Also, determine if the micromanagement is directed exclusively at you or if it applies across-the-board to your colleagues. Some quick tests include noting if your boss checks to see if the wastebaskets are emptied overnight or obsessively tracks the auditor's dealings with your offshore shell companies.
If nothing comes to mind, don't blame yourself. Micromanagers are people who confuse hands-on with cavity searches.
You can either refuse to bend over or beat them to the punch.
Get your leader to focus his micromanagement energy in areas where he has genuine talents. Sit down together and articulate your real needs for supervision. Specifically, you might like more scrutiny when shredding company documents or mentorship for your phone manner while desiring no oversight whatsoever when it comes to submitting your company's Form 10 to the Securities and Exchange Commission.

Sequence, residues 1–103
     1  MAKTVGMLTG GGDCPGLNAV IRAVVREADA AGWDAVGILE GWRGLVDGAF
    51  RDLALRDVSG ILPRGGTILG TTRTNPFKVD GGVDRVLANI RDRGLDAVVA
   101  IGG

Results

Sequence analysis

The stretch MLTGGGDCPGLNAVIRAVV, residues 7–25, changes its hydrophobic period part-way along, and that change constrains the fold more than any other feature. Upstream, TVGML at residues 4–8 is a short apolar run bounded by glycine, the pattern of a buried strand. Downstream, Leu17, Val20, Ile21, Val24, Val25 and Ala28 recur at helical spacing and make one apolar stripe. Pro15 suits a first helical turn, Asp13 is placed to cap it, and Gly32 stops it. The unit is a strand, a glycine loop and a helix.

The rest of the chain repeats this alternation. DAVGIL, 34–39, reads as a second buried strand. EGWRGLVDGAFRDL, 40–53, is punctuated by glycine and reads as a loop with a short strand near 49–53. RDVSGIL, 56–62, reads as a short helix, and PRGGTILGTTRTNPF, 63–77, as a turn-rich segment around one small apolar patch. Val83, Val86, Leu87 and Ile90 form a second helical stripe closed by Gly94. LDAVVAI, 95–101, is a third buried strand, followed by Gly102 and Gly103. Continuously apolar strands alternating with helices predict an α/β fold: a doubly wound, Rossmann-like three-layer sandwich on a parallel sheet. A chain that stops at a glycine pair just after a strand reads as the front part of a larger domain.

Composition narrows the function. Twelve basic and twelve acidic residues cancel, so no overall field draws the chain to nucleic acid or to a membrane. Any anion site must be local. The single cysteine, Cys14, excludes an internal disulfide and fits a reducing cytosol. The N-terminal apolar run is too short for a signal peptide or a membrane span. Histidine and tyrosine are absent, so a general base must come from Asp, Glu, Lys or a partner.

Overload your micromanager with up-front information, draft plans and tomes of research. "Cc" him everything. In short, make your work such a flamboyantly open book that he quickly moves from titillation to saturation.
Bore him rigid. Spend his time explaining your approach and processes, preferably while blocking the doorway when he's late for a flight. Hold up a thick binder and offer to elaborate in the limo en route to the airport.
Invite loads of feedback. In fact, insist upon it. Formalize your micromanagement expectations. Create elaborate sign-off processes. Once he sees himself designated publicly as both "champion" and "proofreader" for the same project he may feel compelled to pursue deep Jungian analysis, or at least back off.